- There were concurrent sessions in the morning and the afternoon:
In the morning, participants attended Fostering Habits of Mind in Today’s Students or Transparent Assignment Design and Student Success.
In the afternoon, participants attended Introduction to Team-Based Learning or Engaged Academic Literacy for All with Reading Apprenticeship.
How Do We Know (and How Do They Know) They’re Learning? was presented by David Connors, CSU Los Angeles: Effective teachers are always monitoring student learning. Keeping the focus on student learning will naturally result in an integration of assessment strategies with pedagogy. This session provided a deeper understanding of how to recognize student learning and success as well as how students recognize their own learning.
The CSU Student Success Dashboard: Research, Visualization was presented by Jeff Gold & Desdemona Cardoza, CSU Office of the Chancellor: There are many stakeholders involved in ensuring student success at an institution. However, it can be argued that the most important constituency is the faculty. These are the individuals who interface with the students on a daily basis and at every critical milestone and turning point in their academic career. Having information readily available at the system and campus level is important, but it is also important to have information available at the college, major and department level. Faculty must be able to see information about their students and understand who they are. They need to be able to see how students are performing in the courses that they teach, as well as understand who are the students who declare the majors in their departments and who leave for other majors. They need to understand the paths that their students take in terms of unit loads and continuous enrollment or stopping out. The CSU Student Success Dashboard is a tool designed to help campuses use data to move toward a culture of evidence in assessing student success outcomes. Recently a“Faculty Dashboard” was added which focuses exclusively on views by major and department. This tool is designed to help faculty understand their role in ensuring student success.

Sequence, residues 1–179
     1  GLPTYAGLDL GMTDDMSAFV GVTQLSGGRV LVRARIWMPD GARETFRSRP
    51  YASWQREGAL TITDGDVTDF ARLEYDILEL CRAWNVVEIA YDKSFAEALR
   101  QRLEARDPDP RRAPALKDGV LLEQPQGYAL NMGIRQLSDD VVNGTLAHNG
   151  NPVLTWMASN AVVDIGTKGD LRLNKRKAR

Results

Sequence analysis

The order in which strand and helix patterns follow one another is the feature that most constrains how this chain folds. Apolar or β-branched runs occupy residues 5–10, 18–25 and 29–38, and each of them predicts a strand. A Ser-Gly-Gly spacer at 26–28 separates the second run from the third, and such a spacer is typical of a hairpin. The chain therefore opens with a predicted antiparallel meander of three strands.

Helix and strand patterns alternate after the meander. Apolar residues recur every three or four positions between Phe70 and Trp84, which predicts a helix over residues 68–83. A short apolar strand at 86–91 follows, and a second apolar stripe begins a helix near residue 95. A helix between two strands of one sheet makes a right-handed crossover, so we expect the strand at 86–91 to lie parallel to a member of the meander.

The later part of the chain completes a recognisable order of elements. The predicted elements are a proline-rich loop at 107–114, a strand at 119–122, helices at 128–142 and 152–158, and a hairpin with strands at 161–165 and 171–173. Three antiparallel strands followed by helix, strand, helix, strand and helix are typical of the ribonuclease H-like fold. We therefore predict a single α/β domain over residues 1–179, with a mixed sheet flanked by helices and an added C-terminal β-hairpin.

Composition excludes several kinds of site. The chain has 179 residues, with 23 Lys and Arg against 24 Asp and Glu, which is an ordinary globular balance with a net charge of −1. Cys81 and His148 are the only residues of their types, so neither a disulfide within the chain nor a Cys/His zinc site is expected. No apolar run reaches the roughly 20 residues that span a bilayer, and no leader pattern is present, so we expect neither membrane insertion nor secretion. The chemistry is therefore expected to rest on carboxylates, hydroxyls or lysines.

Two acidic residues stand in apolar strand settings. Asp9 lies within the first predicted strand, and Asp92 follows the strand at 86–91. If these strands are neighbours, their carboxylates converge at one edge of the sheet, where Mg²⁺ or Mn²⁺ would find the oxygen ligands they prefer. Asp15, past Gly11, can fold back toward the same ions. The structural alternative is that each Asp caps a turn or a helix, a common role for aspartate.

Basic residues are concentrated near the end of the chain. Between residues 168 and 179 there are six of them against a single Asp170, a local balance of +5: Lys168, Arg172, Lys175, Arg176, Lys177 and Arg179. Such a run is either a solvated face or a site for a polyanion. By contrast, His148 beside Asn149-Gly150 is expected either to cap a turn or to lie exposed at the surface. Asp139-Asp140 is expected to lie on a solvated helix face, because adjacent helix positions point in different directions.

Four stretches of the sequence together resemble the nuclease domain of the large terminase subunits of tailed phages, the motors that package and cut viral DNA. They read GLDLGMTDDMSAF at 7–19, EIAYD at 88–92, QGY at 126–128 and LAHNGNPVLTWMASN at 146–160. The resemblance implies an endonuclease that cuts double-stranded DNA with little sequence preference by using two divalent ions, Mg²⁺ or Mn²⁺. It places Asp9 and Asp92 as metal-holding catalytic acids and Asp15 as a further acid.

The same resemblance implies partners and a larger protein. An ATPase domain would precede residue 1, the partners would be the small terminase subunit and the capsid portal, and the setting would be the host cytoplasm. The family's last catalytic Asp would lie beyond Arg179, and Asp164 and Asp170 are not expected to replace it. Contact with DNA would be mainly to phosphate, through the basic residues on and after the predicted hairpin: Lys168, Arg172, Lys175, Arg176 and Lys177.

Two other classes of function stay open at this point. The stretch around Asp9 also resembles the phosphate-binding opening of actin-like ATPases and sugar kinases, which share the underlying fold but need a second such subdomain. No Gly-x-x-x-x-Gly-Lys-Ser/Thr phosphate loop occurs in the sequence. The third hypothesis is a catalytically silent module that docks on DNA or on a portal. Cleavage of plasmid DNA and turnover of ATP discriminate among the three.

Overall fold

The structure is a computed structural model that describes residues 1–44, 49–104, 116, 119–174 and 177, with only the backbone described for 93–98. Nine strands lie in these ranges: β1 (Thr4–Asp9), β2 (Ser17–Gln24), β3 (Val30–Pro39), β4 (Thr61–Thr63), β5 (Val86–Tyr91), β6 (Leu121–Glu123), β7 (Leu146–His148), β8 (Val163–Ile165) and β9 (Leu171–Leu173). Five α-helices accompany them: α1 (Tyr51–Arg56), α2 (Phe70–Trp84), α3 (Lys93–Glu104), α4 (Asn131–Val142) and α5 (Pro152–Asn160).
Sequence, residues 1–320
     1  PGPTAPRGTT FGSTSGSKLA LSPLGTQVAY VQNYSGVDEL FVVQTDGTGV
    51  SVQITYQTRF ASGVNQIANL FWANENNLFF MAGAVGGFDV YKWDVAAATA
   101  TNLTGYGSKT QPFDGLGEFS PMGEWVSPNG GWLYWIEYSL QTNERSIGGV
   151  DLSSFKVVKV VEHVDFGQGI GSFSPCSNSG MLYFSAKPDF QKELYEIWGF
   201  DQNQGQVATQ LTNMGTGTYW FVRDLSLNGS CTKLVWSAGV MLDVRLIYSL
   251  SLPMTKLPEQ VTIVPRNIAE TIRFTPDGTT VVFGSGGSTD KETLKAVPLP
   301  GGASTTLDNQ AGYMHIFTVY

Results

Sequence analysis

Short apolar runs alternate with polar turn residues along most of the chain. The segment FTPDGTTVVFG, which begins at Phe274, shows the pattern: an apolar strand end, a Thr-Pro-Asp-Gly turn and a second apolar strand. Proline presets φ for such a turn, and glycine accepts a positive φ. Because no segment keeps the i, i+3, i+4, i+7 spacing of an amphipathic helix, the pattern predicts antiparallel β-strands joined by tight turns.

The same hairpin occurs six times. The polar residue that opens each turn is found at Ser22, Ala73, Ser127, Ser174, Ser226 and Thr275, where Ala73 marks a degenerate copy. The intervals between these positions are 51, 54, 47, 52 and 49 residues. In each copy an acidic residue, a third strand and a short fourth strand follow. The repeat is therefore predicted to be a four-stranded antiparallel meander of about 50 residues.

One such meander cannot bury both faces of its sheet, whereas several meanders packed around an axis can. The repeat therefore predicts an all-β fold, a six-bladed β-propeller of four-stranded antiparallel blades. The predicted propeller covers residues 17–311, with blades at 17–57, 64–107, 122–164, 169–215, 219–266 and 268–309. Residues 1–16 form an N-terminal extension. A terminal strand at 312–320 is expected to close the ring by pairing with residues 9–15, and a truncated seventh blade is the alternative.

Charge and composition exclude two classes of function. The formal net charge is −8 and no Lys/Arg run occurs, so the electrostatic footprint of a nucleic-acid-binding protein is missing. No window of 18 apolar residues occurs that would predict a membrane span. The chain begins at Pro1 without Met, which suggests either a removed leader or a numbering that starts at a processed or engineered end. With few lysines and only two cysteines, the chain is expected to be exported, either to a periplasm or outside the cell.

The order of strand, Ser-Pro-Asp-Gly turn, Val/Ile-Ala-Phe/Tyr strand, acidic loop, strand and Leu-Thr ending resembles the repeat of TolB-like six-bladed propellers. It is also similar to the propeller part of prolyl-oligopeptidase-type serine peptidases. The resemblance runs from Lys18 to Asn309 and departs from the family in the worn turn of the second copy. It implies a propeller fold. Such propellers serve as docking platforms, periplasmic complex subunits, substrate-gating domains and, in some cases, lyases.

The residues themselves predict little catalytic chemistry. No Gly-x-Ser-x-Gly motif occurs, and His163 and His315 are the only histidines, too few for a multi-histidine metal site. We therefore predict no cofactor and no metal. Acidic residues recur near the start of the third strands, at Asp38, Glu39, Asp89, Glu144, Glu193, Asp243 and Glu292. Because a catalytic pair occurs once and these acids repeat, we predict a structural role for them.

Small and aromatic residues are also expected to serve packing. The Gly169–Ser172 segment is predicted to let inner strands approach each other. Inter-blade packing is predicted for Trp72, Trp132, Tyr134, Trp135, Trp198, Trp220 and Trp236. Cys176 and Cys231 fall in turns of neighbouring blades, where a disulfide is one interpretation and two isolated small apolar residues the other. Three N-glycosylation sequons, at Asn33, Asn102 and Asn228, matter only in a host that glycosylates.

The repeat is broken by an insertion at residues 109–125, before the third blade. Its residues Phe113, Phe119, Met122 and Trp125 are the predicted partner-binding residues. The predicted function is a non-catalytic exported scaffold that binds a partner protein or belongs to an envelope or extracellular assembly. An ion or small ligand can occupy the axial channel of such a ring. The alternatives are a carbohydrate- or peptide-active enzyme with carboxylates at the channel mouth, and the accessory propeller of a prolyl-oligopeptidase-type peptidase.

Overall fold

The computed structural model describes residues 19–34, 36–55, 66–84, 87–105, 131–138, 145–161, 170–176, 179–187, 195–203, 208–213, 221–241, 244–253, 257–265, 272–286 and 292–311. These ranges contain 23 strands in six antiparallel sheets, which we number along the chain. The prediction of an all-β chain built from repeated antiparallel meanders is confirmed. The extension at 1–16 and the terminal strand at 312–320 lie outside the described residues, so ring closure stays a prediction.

The CSU ITL Summer Institute 2016 (see Appendix A) continued a tradition of community building within the CSU by bringing together administrators, faculty, students and others for formal and informal conversations, reflection and planning in relation to active learning and high-impact practices (see Appendix B). This year’s theme, “What Works: Designing Teaching for Diverse Learners,” acknowledges the CSU’s central mission as, first and foremost, an institution whose goal is to provide access to an excellent higher education for every eligible student in the state. Designed consciously as a space separate from other meeting scenarios, the institute was an invitation to think outside the box, to dream bigger, and to share this community’s diverse talents and insights in order to strengthen the CSU from within. Participants took advantage of the unique opportunities afforded by the CSI ITL Summer Institute 2016 and found the experience educational as well as inspirational.
Approved Unanimously – January 26-27, 2017